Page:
It’s little wonder that pressure on the construction sector to clean up its environmental, social and governance (ESG) act is intensifying. Buildings are responsible for around 40% of global energy consumption, a quarter of global water usage, and a third of greenhouse gas emissions[1]. Every year, more than four billion tons of cement are produced, accounting for around 8% of global carbon emissions[2]. As well as the ‘embodied carbon’ of buildings, which are the emissions associated with their overall construction and its supply chain, the built environment also generates emissions from heating, cooling, and lighting systems. Over 80% of buildings that will be here in 2050 have already been constructed[3] – meaning their effects could be felt in a future with unknown weather conditions and possibly scarce resources.

Calls for the construction sector to act are coming from many directions. Investors and consumers are voicing concerns about ESG issues, with legislation, regulation, and reporting requirements evolving quickly in many jurisdictions around the world. In the UK, all companies bidding for government contracts worth more than £5m a year must now commit to net zero by 2050[4], while new proposals in the EU[5] call for the mandatory disclosure of the emissions potential of new buildings over their whole life cycle, effective from 2027 to 2030.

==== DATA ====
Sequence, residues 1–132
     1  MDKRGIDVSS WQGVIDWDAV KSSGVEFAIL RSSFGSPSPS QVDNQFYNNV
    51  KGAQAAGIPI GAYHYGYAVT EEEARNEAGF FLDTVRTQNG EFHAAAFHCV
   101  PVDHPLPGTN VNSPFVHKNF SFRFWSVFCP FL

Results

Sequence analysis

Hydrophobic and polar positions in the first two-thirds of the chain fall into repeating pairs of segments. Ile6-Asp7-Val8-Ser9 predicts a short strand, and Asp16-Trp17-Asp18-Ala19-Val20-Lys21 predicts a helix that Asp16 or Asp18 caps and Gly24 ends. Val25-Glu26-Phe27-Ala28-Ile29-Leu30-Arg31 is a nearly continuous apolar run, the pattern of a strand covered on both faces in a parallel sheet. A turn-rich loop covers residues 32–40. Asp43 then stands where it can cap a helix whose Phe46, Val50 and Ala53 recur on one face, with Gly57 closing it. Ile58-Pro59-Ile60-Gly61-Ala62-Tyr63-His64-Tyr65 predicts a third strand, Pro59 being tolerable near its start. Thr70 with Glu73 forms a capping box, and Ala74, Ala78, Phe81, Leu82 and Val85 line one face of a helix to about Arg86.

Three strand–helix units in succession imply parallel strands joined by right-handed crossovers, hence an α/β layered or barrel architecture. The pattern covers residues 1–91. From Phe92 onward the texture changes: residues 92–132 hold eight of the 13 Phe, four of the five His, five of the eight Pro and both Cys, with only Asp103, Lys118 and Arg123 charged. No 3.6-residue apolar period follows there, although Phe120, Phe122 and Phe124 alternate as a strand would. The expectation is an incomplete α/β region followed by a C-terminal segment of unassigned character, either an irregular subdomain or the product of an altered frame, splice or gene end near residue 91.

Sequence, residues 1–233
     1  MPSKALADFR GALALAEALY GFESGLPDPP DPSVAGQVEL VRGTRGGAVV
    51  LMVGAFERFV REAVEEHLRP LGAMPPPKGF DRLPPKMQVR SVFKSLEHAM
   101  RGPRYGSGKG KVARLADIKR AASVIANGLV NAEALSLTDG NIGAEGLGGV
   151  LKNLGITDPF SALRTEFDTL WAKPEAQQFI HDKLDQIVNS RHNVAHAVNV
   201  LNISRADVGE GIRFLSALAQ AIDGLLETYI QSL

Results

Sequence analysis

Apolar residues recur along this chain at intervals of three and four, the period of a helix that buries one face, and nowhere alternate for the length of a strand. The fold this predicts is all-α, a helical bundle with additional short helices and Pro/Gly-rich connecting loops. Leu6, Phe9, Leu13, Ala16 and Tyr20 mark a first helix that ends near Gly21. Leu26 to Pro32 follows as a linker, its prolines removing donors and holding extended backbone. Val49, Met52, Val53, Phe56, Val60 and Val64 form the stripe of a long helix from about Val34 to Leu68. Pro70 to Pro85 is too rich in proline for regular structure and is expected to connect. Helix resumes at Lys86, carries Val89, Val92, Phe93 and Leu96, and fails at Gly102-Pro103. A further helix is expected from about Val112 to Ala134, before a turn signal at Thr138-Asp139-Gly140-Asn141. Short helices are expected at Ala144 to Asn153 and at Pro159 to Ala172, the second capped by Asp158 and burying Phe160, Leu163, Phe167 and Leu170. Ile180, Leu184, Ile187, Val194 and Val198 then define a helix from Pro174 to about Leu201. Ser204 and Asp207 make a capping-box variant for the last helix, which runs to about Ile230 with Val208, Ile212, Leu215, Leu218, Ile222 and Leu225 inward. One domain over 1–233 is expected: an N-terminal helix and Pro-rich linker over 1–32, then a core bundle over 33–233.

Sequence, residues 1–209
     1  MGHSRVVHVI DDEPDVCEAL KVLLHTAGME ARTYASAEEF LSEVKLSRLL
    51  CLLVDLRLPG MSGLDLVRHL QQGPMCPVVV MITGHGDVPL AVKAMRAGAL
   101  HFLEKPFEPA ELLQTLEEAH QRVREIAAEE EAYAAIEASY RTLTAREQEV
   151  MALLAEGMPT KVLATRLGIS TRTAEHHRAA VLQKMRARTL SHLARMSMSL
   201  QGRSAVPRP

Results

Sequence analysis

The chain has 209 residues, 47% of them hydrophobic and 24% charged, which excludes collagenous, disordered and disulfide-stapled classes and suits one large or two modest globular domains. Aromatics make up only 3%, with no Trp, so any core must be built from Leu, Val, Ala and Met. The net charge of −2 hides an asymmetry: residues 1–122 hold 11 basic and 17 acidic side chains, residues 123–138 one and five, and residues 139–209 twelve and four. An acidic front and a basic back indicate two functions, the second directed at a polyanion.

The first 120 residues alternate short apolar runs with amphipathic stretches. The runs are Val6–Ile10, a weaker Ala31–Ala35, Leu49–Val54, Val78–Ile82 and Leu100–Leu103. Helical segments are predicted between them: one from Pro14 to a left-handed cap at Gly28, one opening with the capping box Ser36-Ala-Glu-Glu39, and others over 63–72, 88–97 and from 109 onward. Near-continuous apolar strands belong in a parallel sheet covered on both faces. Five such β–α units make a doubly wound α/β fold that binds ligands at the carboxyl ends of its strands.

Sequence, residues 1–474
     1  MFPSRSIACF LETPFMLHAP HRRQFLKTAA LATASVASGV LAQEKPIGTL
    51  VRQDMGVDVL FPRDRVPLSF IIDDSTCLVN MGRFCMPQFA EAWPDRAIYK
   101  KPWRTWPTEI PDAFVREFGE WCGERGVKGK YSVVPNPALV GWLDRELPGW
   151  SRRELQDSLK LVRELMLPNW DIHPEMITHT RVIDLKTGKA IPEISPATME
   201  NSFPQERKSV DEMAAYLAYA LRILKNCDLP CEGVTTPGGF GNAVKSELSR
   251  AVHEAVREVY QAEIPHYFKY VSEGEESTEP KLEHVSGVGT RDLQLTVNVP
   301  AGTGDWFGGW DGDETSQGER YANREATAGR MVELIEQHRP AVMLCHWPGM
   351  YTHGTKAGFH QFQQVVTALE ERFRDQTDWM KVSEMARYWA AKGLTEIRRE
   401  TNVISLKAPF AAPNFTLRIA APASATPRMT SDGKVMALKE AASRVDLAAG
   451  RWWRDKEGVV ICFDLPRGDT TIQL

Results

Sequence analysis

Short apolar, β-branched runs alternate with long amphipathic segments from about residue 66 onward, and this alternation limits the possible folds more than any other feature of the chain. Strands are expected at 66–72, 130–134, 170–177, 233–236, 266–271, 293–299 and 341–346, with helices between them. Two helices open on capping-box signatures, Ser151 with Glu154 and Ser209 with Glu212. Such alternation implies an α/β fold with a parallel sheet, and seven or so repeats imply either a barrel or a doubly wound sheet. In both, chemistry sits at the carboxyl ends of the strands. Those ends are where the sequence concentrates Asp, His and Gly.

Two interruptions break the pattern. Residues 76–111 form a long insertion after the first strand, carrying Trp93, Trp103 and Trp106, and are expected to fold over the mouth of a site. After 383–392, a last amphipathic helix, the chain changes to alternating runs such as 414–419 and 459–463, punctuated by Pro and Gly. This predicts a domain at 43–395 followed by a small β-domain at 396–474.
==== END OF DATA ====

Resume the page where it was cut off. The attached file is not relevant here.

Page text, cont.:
Strong sustainability metrics are attracting investors, who recognize they make property more marketable, can attract lucrative tenants, increase property value, and lead to higher profitability. Construction professionals need to rise to the challenge presented by climate change, not only for the greater good, but to attract investment and minimize their exposures to claims and litigation.

The what and the how of building

There are two main areas to consider when looking at where the potential liabilities for the design and construction industry may rise in the context of climate change – what it builds and how it builds. Key areas of focus are sustainability, durability, resilience, energy efficiency, waste reduction, and water conservation.

We’ve got used to the spectacle of skyscrapers on our urban horizons, but their energy-intensive need for air-conditioning and heating has been called into question. Indeed, we have seen a steady development in claims resulting from design errors from mechanical and plumbing plans and specifications, and heating, ventilation and air-conditioning systems (HVAC), including losses from overheating of floors and temperature fluctuations, heightened maintenance and replacement equipment costs, as well several other related issues that generate high exposures for insureds.